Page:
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Oct 24

Retired MCPO: Hard Work and Adaptability Essential

VWPatton-Sep2013Some transitioning military leaders have greater clarity about the direction they wish to pursue after retiring from military service. Others leave the military with somewhat less certainty, at times ending up in positions and circumstances they never would have anticipated.

No matter which description fits your situation best, Vince Patton, retired Master Chief Petty Officer of the U.S. Coast Guard, stresses the importance of hard work, adaptability and a commitment to move forward.

VSB: Vince, your transition from the Coast Guard to where you are today took many turns. Would you share some background about the paths you took along the way to your current position?

Patton: I had an interesting turn of events that took place during the course of my ‘after life’ from the Coast Guard when I retired in 2002.

Initially, I decided to take a few years to focus on an educational and spiritual enrichment journey by going to divinity school.  A year before my retirement, I had thought about going into community service ministry — chaplaincy work. I wasn’t as interested in becoming a church pastor, but instead wanted to be more actively involved with directly helping people, as I had done as a senior enlisted advisor, and then, as Master Chief Petty Officer of the Coast Guard.

While attending divinity school, I was also selected to serve as an adjunct professor at University of California Berkeley, teaching “Philosophy of Ethics.” This fit nicely with the skills and experience I developed during my military career, while building my academic credentials.  I guess you could say, I really had the best of both worlds in my first two years of retirement.

Just as I was completing my two-year divinity school program, becoming an ordained minister, I took a three-month summer missionary internship with the International Rescue Committee, a nongovernment organization focused on working with overseas missions and economically challenged countries. I was sent to Haiti, a country with which I was familiar from my time in the Coast Guard. There, I worked with the United Nations Education, Scientific and Cultural Organization (UNESCO.) to train mission leaders in organizational development and leadership — skills they needed to actively manage a multitude of UN programs in support of economically deprived communities in the northern province of Haiti. This experience, again, allowed me to apply skills I developed during my military career.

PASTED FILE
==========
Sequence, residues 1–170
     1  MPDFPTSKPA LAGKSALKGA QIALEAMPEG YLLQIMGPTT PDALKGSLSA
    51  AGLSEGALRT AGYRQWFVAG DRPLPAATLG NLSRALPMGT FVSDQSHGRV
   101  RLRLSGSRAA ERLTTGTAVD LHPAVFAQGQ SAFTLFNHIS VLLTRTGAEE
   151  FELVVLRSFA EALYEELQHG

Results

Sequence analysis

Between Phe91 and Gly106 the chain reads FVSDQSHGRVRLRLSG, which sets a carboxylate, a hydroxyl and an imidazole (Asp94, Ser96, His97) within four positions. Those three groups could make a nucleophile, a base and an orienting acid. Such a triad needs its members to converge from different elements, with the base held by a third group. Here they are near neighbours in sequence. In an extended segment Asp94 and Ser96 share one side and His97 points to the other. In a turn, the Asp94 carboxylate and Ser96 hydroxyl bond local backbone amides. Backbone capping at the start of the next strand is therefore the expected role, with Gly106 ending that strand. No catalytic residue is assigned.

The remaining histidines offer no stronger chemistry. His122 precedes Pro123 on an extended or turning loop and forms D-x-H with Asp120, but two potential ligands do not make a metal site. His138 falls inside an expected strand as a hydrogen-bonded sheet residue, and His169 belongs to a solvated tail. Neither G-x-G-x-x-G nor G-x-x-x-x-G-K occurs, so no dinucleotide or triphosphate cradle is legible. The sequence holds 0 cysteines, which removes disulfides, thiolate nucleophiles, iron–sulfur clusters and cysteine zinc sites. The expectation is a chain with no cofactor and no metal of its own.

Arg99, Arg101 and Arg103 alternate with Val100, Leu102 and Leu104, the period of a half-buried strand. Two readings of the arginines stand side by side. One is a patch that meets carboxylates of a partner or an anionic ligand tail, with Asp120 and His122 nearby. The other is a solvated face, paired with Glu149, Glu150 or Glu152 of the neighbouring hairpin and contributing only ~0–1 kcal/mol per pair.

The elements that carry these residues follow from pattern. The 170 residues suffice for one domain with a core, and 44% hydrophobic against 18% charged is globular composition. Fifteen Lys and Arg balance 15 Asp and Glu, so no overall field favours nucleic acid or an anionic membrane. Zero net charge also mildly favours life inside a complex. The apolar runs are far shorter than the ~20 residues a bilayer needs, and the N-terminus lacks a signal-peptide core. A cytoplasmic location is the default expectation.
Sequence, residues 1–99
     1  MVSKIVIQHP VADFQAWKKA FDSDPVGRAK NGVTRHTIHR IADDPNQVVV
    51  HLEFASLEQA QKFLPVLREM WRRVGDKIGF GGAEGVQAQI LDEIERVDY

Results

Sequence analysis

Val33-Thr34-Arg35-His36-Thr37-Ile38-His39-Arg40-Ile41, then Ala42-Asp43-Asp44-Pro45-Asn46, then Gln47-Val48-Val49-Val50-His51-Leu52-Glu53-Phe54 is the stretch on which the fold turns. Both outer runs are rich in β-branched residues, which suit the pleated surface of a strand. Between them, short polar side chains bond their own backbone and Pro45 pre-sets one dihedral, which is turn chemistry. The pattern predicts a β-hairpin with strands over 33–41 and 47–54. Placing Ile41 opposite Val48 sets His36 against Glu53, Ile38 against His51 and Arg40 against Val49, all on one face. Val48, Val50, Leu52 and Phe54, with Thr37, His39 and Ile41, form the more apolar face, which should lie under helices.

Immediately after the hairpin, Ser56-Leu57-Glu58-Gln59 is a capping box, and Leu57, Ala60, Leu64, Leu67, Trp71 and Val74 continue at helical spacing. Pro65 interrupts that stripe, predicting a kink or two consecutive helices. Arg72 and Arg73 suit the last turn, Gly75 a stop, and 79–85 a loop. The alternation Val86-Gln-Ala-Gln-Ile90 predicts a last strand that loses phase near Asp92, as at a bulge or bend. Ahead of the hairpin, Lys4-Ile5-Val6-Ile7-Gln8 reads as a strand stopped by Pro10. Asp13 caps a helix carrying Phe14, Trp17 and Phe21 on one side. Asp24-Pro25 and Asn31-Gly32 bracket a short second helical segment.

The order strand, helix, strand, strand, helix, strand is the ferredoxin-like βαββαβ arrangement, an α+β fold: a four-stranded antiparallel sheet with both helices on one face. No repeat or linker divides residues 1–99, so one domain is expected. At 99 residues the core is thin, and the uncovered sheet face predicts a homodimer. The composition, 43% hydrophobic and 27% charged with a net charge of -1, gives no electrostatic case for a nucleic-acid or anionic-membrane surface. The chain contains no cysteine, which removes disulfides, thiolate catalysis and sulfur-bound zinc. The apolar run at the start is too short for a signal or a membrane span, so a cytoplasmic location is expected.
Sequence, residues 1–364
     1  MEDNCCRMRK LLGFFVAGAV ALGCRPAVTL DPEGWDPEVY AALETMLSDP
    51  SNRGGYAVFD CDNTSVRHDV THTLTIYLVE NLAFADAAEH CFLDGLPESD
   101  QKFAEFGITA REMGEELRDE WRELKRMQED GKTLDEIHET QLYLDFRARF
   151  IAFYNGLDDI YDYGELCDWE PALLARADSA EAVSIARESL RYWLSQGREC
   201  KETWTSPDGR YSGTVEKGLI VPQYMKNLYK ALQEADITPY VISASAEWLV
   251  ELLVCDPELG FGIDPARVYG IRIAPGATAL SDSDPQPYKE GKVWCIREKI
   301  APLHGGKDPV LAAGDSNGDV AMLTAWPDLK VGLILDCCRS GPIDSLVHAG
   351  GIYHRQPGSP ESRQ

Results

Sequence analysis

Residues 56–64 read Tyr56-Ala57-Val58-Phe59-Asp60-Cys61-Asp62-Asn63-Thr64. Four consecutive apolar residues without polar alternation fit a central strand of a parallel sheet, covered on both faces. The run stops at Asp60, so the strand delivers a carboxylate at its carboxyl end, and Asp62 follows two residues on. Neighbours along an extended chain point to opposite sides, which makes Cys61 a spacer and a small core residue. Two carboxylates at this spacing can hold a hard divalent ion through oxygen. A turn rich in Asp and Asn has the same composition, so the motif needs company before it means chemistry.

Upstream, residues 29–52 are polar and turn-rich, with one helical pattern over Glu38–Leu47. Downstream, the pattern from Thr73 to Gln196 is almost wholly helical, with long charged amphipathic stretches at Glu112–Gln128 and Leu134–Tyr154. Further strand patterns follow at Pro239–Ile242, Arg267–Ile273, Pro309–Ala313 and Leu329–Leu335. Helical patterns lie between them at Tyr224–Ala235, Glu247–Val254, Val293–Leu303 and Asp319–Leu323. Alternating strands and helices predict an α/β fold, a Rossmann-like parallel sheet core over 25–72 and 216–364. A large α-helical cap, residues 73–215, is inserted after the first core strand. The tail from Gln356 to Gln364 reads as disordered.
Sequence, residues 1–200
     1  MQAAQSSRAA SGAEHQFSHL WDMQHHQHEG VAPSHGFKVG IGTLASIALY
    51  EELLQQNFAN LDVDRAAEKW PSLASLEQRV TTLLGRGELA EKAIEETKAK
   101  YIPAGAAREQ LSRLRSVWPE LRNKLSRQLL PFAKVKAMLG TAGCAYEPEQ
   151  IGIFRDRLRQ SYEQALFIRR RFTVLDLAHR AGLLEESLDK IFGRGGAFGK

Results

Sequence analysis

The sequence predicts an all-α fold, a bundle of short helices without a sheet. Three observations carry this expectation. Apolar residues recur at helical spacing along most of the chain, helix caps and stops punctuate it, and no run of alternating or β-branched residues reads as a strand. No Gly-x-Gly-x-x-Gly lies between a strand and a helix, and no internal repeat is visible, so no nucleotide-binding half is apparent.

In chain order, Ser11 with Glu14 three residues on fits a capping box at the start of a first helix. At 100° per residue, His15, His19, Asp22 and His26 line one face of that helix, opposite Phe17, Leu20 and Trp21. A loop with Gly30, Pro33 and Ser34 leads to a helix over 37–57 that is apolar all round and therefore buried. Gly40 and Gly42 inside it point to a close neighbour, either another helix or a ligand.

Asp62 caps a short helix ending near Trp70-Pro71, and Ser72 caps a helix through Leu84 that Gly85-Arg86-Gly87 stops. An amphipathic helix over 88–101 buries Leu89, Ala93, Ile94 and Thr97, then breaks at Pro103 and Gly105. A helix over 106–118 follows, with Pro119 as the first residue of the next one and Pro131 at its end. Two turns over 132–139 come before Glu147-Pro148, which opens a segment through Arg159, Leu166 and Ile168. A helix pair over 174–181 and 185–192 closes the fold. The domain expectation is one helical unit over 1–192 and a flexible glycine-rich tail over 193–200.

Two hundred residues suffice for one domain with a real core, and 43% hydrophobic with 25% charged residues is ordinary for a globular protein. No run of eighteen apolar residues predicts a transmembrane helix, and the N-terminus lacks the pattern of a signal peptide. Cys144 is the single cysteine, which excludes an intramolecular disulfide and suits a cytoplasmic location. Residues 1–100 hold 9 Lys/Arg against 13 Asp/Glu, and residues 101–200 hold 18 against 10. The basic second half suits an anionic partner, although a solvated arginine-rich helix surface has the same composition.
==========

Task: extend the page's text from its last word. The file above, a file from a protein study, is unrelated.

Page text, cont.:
I strongly believe that once you identify the key components that help sustain your drive and determination, they can be your life’s guide in the military, in the civilian workforce, in your community service activities and in your own personal life.

As my internship came to an end, I received an email from an acquaintance asking if I would be interested in working with transitioning service members and military families to help them understand their benefits and provide resources to help them find employment. As a newly ordained minister, I wasn’t immediately interested in the offer; nonetheless, after careful consideration, I accepted the job since it gave me the opportunity to once again work with the military community. Thus began my seven great years as Director of Government Partnerships and Alliances with Military Advantage, also known as “Military.com,” a division of Monster Worldwide. In that job, I oversaw government projects involving the Military Spouse Career Center, development of the government-contracted online transition assistance program, known at that time as ‘TurboTap,’ and serving as a conduit between the company and the military services. It was a fun job and I found myself, yet again, in a position where I had the best of worlds, doing what I enjoy, and working closely with the military community at all levels, active, reserve/guard, retired, veterans and family members.

Not wanting to let wither my newly-acquired ministry credentials, I continued my community service ministry work as well, doing it on a volunteer basis. I continued on with my training to become a certified professional chaplain through the Association of Professional Chaplains, and served on my denomination’s trauma response ministry team. In fact, I’m still involved with this today as a community service chaplain.

In 2011, after seven years with Military.com, I was offered an opportunity to help stand up a new homeland security program for AFCEA International, a nonprofit professional development communications and information technology organization.  Without question, the path that brought me to where I am today has everything to do with the culmination of experiences and skills I obtained during my 30-year Coast Guard career.

VSB: What are some of the key ingredients you consider essential for success in the civilian workforce?